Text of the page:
14/08/2014 16:50 BST | Updated 22/05/2015 10:12 BST

Tribal Blathering: Why Western Parents Have Little To Learn From Ancient Tribes

Tribal blathering: Why Western parents have little to learn from ancient tribes

So there I was, pounding cassava root at sunrise while my children ran free in the forest, untroubled by thought or care... Not really. OK, so I was actually randomly squirting golden syrup on my seven-year-old's Shreddies when my eye was caught by a newspaper extract from Jay Griffiths' latest book, Kith, in the Guardian.

Now, according to Griffiths, we Western capitalist parents have much to learn from Ancient Tribes. Wise, they are, in the ways of rearing the younglings. She has visited them, and learned much of their simple wisdom.

They allow their children to run free! Not for them the evils of 'control' perpetuated on fat, florid and fearful Western brats by their overbearing parents. Not for them the 'torture' of controlled crying. Not for them the fetters and constraints of watching Scooby-Doo after school.

You might be familiar with Godwin's Law, which states that anyone who mentions Hitler or the Nazis during an internet argument has automatically lost. I now propose Jolin's Law, which runs thus: anyone who uses the justification: 'But they do it in Ancient Tribes! And they're all so much happier!' has lost, lost, lost, and must do penance by going forth into the wilderness at the time of their womanly courses and sitting, keening, on a pile of leaves.

Perhaps it's unfair to pick on Griffiths, though I did hoot aloud at her description of controlled crying as 'being an unwilling accomplice to torture.' She is, after all, only the most recent manifestation of this particularly annoying strand of birth and parenting advice – tribal blathering.

I first encountered it when pregnant with my first child. A well-known birthing centre attempted to charge me £15 for a small bottle of oil to massage my perineum, carrying on the well-known custom of 'ripping off the naive fool'.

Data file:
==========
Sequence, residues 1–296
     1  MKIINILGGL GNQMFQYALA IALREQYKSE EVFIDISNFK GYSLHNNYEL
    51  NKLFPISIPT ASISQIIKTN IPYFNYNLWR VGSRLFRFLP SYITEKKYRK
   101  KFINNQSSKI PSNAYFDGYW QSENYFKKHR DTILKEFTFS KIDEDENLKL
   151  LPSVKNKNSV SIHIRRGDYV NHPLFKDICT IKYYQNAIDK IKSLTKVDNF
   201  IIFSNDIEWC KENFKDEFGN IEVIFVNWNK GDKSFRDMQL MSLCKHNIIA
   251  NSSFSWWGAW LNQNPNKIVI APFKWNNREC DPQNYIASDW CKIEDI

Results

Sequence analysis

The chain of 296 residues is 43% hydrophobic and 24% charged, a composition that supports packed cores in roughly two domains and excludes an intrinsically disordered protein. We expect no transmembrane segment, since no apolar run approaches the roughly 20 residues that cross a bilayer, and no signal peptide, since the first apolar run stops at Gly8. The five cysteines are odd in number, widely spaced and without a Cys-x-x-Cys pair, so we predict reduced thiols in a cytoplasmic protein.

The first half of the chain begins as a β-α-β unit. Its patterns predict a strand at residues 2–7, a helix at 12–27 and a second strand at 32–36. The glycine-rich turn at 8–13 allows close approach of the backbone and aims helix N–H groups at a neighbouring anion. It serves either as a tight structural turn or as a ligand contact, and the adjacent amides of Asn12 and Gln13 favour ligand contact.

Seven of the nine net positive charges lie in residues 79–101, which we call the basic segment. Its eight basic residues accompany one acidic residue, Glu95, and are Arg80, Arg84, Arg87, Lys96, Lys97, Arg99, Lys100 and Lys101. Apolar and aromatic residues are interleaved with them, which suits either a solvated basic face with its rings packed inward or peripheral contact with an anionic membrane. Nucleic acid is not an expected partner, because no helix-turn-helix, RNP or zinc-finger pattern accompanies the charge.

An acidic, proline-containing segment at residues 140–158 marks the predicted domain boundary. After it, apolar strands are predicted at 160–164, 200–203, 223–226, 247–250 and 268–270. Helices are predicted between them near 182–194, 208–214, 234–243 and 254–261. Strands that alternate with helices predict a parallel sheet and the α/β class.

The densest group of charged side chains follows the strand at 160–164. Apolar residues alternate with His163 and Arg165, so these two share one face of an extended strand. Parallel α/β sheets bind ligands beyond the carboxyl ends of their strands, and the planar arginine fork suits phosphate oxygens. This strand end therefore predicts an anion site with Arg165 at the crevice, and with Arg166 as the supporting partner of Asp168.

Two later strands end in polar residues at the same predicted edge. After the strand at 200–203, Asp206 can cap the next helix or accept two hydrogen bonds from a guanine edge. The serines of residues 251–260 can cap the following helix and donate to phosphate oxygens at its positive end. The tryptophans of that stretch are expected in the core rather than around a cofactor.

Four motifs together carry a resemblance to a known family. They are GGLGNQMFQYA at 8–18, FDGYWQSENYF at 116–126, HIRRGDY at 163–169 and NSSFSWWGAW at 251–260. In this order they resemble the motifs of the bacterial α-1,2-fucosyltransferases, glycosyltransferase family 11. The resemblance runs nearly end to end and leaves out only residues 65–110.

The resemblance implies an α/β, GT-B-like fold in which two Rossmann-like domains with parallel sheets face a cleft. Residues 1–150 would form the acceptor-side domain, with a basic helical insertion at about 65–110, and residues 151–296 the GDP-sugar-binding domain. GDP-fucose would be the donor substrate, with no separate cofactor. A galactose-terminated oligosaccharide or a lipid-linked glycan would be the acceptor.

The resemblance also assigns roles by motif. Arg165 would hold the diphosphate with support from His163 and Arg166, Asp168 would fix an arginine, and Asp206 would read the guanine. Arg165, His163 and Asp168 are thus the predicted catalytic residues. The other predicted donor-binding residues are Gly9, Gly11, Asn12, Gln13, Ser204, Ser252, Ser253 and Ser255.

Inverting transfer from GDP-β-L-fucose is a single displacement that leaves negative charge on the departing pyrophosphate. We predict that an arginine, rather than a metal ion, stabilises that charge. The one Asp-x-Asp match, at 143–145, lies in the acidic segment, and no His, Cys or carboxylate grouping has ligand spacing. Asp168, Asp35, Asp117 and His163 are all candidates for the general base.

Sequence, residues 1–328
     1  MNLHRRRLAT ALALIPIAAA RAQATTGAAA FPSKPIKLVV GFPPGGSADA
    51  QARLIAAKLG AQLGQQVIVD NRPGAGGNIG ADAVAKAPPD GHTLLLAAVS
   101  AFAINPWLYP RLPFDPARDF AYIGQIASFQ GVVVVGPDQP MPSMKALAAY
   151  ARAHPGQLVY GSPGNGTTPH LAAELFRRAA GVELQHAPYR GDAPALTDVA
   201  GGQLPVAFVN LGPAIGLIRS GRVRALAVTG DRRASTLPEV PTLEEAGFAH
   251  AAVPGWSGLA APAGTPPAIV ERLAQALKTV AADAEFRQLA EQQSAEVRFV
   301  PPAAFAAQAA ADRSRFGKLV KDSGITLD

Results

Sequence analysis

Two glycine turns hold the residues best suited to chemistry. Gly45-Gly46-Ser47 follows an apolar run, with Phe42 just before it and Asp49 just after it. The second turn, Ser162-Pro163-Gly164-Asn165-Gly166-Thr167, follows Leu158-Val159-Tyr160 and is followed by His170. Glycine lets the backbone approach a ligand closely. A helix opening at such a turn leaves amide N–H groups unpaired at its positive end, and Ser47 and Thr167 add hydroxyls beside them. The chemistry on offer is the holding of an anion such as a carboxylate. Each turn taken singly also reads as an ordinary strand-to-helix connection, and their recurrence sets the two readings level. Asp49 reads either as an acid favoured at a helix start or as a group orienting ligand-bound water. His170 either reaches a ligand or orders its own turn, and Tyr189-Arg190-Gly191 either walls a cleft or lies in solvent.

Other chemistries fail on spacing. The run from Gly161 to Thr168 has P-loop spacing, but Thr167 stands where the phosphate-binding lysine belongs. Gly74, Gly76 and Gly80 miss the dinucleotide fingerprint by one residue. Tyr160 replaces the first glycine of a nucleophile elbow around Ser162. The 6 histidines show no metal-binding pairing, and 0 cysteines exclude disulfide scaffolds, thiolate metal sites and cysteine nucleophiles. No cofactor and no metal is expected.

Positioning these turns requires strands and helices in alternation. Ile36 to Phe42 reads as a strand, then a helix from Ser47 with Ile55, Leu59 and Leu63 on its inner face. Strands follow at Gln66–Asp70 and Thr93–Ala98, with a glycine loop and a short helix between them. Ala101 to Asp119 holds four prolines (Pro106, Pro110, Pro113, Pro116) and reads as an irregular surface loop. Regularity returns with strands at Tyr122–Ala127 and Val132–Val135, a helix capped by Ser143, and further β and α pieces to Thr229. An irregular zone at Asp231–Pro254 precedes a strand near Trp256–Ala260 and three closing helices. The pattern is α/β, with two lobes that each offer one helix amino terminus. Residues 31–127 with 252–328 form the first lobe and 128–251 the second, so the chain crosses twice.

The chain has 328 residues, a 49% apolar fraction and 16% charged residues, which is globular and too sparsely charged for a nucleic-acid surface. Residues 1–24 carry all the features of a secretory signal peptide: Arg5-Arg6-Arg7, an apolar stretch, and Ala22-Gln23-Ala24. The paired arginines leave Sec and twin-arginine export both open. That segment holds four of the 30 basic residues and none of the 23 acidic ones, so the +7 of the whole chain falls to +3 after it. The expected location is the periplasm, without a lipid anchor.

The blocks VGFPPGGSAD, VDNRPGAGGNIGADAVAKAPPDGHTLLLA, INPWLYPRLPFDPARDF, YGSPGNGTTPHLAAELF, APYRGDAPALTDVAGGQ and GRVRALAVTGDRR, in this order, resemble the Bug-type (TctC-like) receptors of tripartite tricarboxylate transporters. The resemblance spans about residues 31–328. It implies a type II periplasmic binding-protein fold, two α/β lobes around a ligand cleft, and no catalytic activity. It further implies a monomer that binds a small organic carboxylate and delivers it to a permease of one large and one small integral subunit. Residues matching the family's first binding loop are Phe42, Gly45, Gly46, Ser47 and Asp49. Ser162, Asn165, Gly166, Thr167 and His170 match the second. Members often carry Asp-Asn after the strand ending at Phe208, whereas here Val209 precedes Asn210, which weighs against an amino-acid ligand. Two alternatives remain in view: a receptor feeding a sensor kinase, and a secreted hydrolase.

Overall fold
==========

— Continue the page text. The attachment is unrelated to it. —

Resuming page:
"It's practised by South American tribes," the nice lady in the yoga trousers assured me.

I declined. I decided thereafter never to read a single pregnancy book that held up Ancient Tribes as role models. I got rid of a lot of pregnancy books.

I did, however, read Daniel Everett's excellent book, Don't Sleep, There Are Snakes, in which he describes how Pirahã Indian mothers who live in the Amazonian jungle typically give birth alone, especially if they have no close female relatives. It is not the done thing to respond when a woman labouring by herself screams for help, as Pirahã women must be strong.

It's a great book. I find these other lives fascinating. There are some wonderful aspects to life as a Pirahã Indian. But they are not aspects that I feel the need to apply to my own life, because I am not a Pirahã Indian.

Not being any kind of expert in cultural relativism, I have no desire to criticise Ancient Tribes. I am sure they are perfectly happy hunting, fishing and storytelling (and watching extremely violent Arnold Schwarzenegger movies, as an eminent Arctic anthropologist informed me recently), and I am equally sure that they do not give a toss that I allow my children to put too much golden syrup on their Shreddies.


It's the hectoring experts that annoy me. The ones who seem to think that we can't possibly simply appreciate another culture. No, we have to Learn From It, because we are so rubbish. Why?


It's an utterly pointless guilt-making exercise. Even if I wanted to, I couldn't let my kids run wild in the local forest, or go hunting for ptarmigan. They tend to take a dim view of that kind of thing in my local park.

My immediate society isn't perfect. There are many things I don't like about it. But I operate within it as a parent to the best of my ability. Which, as far as I'm aware, precisely what Ancient Tribes do. There's no point in me applying how Inuit kids sleep to my own children. Might as well warn the Inuit kids to look out for school run traffic on the ice floes.

So perhaps it's time to stop beating ourselves up for, yet again, not living up to a totally impractical ideal, and think about all the things that we do get right. For some reason, I don't get much praise for my superb shoving-kids-into-car skills, honed over years of being late for stuff.


Nobody ever visits me and writes in awe-inspired tones of my preternatural ability to take a work call while simultaneously throwing fish fingers into the oven and looking for a missing Lego head.


Ancient Tribal parenting experts are clearly missing a trick. So I present to you Parenting the Slightly Stressed Western Way: It Seems To Work Out Fine Even Though Everyone Says You're Doing It Wrong. Not coming to a bookshop near you any time soon.